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Ca' Foscari Public Lectures, Jürgen Renn on September 25th

“History of Science in the Anthropocene” will be the title of Jürgen Renn’s Ca’ Foscari Public Lecture, Director of the Max Planck Institute for the History of Science in Berlin.

On September 25th, 2019, at 10.30 a.m. in the Aula Baratto, Renn, a world renowned scholar of the history of knowledge, will talk about the evolution of science in the Anthropocene, the geological era that began with the industrial revolution in the 18th century, an epoch characterized by the significant human impact on the planet.

Programme

Welcome address
Michele Bugliesi
Rector Ca’ Foscari University of Venice

Introduction
Shaul Bassi
Director International Center for the Humanities
and Social Change
Ca’ Foscari University of Venice

La lecture will be held in English. Please confirm your participation to the event by writing an email to  eventi@unive.it

Bio:
Renn studied Physics at the Free University of Berlin and at the Sapienza University of Rome. In 1987 he received his Ph.D in Mathematical physics from the Technical University of Berlin. Between 1986 and 1992 he worked as co-editor of the Collected Papers of Albert Einstein at Boston University.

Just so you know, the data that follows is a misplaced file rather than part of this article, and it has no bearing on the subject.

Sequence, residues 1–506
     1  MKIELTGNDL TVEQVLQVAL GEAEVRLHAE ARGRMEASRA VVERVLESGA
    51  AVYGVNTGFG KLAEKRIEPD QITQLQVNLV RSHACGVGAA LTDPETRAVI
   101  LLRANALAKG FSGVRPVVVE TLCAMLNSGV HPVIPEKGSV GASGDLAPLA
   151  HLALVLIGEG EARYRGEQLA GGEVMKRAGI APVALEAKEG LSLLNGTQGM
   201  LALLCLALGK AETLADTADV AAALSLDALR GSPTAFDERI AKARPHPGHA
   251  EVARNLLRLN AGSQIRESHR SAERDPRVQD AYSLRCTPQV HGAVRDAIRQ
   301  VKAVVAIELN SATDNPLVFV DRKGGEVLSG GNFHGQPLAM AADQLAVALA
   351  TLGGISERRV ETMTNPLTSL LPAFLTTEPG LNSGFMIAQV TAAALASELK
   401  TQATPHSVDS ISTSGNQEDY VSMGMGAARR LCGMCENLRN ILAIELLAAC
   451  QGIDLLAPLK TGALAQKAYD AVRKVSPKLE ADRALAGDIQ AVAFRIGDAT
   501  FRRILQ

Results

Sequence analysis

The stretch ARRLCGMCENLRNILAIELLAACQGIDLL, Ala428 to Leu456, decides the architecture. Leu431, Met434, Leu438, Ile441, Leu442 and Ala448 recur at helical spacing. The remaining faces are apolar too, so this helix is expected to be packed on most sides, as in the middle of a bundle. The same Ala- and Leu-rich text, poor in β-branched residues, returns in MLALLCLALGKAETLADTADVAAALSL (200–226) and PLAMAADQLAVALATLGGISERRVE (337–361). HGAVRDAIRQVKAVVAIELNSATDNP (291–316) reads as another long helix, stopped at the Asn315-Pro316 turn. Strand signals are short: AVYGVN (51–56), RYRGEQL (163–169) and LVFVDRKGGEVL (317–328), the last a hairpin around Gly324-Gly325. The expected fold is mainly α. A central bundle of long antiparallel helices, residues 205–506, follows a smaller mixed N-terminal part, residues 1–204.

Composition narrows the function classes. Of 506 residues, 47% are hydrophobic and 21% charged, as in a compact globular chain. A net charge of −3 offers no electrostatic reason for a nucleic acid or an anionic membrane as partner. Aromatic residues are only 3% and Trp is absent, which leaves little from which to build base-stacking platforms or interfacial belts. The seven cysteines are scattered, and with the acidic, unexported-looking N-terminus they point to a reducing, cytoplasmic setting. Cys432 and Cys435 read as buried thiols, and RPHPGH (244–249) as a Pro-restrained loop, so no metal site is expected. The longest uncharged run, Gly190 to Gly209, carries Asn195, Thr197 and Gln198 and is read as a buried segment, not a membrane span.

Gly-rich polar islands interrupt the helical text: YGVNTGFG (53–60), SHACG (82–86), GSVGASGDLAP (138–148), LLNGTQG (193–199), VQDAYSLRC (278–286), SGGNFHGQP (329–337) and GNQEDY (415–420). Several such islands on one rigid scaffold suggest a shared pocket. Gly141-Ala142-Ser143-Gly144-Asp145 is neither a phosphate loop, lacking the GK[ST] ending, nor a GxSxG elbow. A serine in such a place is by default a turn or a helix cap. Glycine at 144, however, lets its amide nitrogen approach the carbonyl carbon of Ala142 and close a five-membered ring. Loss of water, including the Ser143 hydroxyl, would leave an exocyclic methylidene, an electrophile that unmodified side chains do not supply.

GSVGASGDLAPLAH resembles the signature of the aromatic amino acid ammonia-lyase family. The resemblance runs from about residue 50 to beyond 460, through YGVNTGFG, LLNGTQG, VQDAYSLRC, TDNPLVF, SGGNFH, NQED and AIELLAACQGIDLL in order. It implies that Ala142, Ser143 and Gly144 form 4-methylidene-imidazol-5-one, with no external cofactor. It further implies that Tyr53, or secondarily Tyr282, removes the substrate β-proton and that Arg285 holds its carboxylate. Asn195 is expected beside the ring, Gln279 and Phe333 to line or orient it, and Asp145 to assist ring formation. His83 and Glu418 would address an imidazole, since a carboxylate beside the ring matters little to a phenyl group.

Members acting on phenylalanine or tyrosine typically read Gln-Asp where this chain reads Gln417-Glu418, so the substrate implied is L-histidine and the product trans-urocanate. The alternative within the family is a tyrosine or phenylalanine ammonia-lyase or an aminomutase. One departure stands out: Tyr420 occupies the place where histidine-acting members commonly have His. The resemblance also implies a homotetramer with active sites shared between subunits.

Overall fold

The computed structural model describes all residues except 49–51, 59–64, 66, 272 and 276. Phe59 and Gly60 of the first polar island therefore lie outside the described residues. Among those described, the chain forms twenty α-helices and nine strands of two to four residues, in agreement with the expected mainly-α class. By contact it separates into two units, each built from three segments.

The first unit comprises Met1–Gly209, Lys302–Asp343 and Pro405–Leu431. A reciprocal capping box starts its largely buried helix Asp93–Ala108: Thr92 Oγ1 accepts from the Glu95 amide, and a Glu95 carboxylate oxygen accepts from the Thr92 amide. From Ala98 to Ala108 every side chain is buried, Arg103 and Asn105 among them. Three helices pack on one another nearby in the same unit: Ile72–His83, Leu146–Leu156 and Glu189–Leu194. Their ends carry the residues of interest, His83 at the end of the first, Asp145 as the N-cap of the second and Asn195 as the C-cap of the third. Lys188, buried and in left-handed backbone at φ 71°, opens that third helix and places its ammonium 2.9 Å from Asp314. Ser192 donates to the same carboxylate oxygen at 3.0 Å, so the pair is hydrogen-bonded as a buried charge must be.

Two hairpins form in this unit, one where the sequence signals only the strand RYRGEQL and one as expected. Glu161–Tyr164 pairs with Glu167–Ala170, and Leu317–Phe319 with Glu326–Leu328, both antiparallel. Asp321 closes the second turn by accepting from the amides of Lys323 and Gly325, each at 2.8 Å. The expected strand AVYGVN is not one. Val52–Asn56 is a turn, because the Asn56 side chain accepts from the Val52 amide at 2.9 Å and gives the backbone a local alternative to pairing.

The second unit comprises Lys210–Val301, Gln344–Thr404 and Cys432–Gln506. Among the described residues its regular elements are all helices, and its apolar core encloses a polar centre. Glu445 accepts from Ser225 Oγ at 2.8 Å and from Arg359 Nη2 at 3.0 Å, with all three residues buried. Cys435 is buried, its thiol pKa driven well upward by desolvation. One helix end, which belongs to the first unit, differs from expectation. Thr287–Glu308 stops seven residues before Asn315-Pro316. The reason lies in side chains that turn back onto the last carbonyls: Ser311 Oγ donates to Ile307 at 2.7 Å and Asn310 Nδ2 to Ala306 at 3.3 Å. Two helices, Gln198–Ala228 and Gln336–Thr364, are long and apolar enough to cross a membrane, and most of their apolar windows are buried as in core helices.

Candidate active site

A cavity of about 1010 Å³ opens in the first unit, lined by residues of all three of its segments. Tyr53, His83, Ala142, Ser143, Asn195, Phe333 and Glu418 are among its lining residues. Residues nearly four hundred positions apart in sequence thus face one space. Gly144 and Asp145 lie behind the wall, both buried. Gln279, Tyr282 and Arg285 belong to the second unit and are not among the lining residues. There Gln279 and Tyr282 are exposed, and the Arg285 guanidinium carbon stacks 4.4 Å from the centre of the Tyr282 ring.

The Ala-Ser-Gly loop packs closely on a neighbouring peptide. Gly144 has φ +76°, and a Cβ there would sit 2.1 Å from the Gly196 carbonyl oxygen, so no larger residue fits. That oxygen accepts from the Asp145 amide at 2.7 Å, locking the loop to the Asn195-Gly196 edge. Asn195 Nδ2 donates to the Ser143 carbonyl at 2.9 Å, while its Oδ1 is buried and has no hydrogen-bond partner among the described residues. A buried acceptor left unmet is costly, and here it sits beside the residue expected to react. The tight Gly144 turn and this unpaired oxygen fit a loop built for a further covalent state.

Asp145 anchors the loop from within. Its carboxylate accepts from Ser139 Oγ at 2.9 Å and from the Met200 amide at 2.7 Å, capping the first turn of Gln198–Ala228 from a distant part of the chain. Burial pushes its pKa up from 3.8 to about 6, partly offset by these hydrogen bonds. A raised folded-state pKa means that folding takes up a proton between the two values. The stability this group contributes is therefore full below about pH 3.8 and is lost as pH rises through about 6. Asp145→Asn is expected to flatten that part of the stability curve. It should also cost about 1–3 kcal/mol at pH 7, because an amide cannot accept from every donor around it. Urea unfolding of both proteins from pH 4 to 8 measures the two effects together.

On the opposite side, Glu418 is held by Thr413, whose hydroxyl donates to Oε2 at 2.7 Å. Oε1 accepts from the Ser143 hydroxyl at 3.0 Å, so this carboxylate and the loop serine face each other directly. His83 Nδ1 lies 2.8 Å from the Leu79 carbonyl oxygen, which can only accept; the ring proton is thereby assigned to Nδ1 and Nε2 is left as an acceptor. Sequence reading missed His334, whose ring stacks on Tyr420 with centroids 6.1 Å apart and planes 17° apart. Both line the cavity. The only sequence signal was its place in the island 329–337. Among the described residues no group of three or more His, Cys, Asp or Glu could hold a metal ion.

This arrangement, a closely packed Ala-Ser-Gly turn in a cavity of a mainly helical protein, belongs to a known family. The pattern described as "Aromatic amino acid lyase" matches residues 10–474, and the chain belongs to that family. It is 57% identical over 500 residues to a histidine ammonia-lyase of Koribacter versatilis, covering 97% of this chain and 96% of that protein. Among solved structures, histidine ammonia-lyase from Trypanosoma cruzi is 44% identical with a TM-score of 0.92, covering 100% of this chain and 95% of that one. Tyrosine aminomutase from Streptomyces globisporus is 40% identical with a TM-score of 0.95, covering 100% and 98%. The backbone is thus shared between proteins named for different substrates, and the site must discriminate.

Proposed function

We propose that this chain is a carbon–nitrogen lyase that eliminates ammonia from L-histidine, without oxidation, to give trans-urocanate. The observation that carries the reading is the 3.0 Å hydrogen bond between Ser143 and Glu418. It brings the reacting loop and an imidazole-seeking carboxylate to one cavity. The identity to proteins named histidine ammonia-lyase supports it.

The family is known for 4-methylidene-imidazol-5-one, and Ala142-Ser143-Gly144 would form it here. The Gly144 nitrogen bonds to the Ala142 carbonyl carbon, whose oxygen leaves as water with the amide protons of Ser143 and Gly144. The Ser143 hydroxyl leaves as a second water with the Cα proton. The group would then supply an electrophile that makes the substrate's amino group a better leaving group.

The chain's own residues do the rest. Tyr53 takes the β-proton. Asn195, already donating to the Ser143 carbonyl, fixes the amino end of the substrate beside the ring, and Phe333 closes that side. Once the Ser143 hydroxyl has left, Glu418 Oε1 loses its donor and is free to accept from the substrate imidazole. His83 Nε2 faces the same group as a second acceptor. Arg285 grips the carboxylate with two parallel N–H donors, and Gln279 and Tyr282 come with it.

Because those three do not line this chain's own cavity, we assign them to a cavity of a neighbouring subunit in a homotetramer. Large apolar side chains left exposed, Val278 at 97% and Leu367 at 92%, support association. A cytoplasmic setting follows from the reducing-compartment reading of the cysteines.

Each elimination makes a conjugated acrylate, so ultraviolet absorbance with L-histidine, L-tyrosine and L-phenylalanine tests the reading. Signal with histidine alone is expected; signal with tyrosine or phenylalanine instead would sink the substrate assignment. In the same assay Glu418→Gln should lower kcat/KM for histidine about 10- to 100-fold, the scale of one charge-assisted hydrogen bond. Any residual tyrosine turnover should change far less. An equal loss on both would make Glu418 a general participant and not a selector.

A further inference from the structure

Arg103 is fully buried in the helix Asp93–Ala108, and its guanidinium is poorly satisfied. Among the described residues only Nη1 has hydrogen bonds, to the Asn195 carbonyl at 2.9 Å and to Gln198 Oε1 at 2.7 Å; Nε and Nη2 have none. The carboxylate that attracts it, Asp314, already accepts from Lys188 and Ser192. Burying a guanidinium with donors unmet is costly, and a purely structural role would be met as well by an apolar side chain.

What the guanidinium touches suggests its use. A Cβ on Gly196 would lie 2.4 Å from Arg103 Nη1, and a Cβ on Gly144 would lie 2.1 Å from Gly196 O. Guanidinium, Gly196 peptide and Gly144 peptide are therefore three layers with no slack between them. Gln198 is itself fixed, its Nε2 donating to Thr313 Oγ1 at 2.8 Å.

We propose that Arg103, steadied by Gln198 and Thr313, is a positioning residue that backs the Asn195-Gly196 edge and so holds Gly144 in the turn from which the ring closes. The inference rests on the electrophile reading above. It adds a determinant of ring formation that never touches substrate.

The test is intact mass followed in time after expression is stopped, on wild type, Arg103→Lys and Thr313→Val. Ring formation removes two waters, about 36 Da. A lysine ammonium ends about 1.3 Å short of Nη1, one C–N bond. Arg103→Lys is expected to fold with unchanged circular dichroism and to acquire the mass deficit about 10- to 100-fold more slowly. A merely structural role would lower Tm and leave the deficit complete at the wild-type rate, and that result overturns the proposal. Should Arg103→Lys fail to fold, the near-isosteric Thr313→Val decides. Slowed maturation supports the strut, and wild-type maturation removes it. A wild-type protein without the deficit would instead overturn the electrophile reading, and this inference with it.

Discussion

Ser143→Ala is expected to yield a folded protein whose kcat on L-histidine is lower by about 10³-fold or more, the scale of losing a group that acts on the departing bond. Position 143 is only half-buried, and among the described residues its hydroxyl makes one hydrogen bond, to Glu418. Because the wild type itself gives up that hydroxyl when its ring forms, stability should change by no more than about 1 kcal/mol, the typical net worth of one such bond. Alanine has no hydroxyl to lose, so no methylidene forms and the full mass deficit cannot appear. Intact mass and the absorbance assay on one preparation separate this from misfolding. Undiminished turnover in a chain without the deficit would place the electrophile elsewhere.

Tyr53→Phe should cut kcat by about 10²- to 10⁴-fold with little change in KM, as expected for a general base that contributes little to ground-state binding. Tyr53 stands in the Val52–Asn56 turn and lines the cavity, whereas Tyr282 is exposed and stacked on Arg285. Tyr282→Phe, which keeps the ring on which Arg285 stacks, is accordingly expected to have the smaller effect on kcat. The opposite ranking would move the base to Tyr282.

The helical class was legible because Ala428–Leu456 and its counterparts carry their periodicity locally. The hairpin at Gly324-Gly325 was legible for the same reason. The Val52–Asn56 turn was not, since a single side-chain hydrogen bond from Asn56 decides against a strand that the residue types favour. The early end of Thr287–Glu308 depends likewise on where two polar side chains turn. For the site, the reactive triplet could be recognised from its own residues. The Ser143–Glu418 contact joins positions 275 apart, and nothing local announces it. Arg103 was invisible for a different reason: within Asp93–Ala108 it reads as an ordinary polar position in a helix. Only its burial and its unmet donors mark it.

Between 1991 and 1996 he co-directed with Peter Damerow the “Arbeitsstelle Albert Einstein” at the Max Planck Institute for Human Development in Berlin.
In 1993/94 he was visiting professor at Tel Aviv University and at the ETH Zurich. Since its founding in 1994 Renn is director at the Max Planck Institute for the History of Science in Berlin.

Renn is honorary professor for History of Science at both the Humboldt University of Berlin and
the Free University of Berlin. Since 1998 he is Adjunct Professor for Philosophy and Physics at Boston University. He is a member of the Academy of Sciences Leopoldina as well as of further national and international scientific and editorial boards. In 2011 he won the Premio Anassilaos International. In 2014, he won the ESHS Neuenschwander Prize and the Premio Internazionale Marco & Alberto Ippolito and was awarded the Max Planck Communitas Award and the Francis Bacon Award.

Jürgen Renn, together with his group, researches structural changes in systems of knowledge. The aim is to develop a theoretical understanding of knowledge evolution, taking into account its epistemic, social, and material dimensions.
As groundwork for such a theoretical approach to the history of knowledge, he has been studying some of the great transformations of systems of physical knowledge, such as the origin of theoretical science in antiquity, the emergence of classical mechanics in the early modern period, and the revolutions of modern physics in the early 20th century.

In addition to this longitudinal perspective on the evolution of knowledge, he and his collaborators have
developed a transversal approach, studying dissemination and transformation processes of knowledge across cultural boundaries.

He has been engaged from the very start in the Digital Humanities and the Open Access Movement. He is a co-initiator of the Berlin Declaration on Open Access to Knowledge in the Sciences and Humanities launched by the MPG in 2003 and has created, together with his colleagues, the Edition Open Access platform for open access publication.